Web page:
attacks of an ad hominem nature more than an issue nature. And I just think it's a very different campaign this year than I've ever seen.


CURNOW: Well, let's take a look at the New Hampshire primary. Politics reporter MJ Lee is in Manchester.

You heard Mr. Sununu there saying it's a very different game than before.

What's your assessment of the state of the game now?

These polls don't necessarily pan out the way they say they are?

MJ LEE, CNN CORRESPONDENT: Well, look, the thing to remember with New Hampshire is, that just like Iowa, retail politics here is so, so


So for someone like Donald Trump, who is leading in the polls right now in this state, the critical question is, has he done enough retail politics?

And will voters punish him for not having done enough?

A couple of days ago, Donald Trump dined at a diner, ordered some eggs and hot chocolate and I think as that reporter who has covered him for many

months, it was one of the first times that I ever saw him make that kind of an impromptu stop.

Obviously, this was an issue that he faced in Iowa, where the voters there felt like he wasn't doing enough of the small, intimate gatherings, doing

question-and-answer sessions. And he really has tried to fix that situation here in New Hampshire by holding more campaign stops in general,

meeting voters in smaller gatherings.

But for a lot of his rivals, someone like John Kasich, someone like Jeb Bush, they have really focused on New Hampshire for a good number of months

now and focusing in on the retail politics in this state. So I think we'll find out tonight if for any of those candidates, their efforts over the

last couple of months will really pay off and give them the second or third place finish that they are hoping for going into tonight.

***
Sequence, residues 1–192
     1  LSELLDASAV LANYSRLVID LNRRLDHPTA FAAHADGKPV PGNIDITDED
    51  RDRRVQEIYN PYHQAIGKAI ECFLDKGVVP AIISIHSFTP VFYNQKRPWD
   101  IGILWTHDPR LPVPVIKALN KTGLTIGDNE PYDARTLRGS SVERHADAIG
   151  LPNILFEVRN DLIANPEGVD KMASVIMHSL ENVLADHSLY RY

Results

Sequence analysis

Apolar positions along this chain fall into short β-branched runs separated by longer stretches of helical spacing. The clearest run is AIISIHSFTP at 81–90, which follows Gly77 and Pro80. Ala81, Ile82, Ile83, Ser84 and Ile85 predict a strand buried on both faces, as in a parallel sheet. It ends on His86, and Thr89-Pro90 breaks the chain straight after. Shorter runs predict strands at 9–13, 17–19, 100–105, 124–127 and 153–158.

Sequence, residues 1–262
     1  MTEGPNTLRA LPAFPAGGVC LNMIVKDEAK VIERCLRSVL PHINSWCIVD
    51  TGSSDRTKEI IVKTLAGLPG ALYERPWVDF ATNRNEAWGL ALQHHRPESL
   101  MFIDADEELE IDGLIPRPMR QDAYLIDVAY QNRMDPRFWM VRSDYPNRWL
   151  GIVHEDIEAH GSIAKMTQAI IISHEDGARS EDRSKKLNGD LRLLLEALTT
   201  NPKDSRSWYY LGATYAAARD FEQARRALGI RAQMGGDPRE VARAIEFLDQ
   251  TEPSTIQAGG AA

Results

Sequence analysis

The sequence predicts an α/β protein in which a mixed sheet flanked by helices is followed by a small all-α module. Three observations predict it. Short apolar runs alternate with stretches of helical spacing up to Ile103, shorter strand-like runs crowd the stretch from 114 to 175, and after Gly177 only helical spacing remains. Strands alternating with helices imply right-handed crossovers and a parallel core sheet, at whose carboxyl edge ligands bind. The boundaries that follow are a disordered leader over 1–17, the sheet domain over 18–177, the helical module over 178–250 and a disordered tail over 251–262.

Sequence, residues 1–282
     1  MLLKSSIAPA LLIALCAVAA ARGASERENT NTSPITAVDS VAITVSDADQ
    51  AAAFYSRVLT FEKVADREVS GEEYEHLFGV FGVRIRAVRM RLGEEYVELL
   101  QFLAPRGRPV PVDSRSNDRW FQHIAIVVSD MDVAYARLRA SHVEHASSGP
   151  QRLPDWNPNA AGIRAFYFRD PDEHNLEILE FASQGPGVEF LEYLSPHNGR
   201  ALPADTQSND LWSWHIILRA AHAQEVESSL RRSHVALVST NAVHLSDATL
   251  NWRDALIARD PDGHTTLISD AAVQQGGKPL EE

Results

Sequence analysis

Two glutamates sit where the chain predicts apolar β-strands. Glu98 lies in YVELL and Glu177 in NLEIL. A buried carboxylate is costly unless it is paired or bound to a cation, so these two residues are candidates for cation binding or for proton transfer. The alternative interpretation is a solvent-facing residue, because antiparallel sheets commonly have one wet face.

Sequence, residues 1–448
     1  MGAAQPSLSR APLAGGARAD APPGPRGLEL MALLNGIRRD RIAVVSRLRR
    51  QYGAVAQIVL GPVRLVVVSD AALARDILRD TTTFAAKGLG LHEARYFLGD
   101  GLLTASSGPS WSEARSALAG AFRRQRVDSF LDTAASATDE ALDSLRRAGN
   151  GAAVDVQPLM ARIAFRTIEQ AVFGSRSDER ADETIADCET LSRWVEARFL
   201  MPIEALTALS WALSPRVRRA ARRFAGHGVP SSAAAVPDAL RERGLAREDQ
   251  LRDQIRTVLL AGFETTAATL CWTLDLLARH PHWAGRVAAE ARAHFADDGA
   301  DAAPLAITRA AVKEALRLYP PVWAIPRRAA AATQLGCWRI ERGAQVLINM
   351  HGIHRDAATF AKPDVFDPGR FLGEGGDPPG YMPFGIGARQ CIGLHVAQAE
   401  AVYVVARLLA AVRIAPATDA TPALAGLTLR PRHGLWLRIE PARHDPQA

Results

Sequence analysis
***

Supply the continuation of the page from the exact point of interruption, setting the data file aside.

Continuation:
CURNOW: Indeed. You talk about retail politics. It's basically about how many babies you kiss, how many doors you knock on.

But let's also talk about that second tier, who comes in at second to sixth. It really is crucial. And we're going to see a winnowing out, I

think, of some of the laggers here, after this.

LEE: Right, it is so, so important for one of those candidates that I just mentioned, someone like Kasich, someone like Bush; they have spent so much

time in this state, really putting all their eggs in the New Hampshire basket. And they're hoping, if not first place, which looks unlikely, just

based on the polls that have come out recently, that they can finish a strong second or a third.

And they really badly want that strong finish here so that they can go into South Carolina, a state that has historically tended to elect more

mainstream candidates. They feel like if they have a strong showing here in New Hampshire, they could go into South Carolina and then the other

Southern states that follow soon --


LEE: -- after, in a really good place. And this is really the time in the race where the field is winnowing and you know -- and the crowded

establishment lane on the Republican side, the candidates are really vying to break out of the pack and become the candidate that can take on either

Ted Cruz or Donald Trump.

CURNOW: Yes, excellent points there. MJ Lee, thanks so much.